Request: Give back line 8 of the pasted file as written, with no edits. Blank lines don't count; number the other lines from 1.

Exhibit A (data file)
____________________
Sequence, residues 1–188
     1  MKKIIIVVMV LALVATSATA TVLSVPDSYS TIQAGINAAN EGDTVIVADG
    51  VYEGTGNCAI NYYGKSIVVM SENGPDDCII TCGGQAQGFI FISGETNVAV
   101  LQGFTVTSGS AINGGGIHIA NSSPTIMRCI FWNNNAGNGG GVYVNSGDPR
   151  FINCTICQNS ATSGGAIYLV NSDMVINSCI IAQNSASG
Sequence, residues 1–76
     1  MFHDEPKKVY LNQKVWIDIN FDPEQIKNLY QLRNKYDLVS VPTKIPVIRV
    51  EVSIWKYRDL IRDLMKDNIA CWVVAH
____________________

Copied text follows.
    51  EVSIWKYRDL IRDLMKDNIA CWVVAH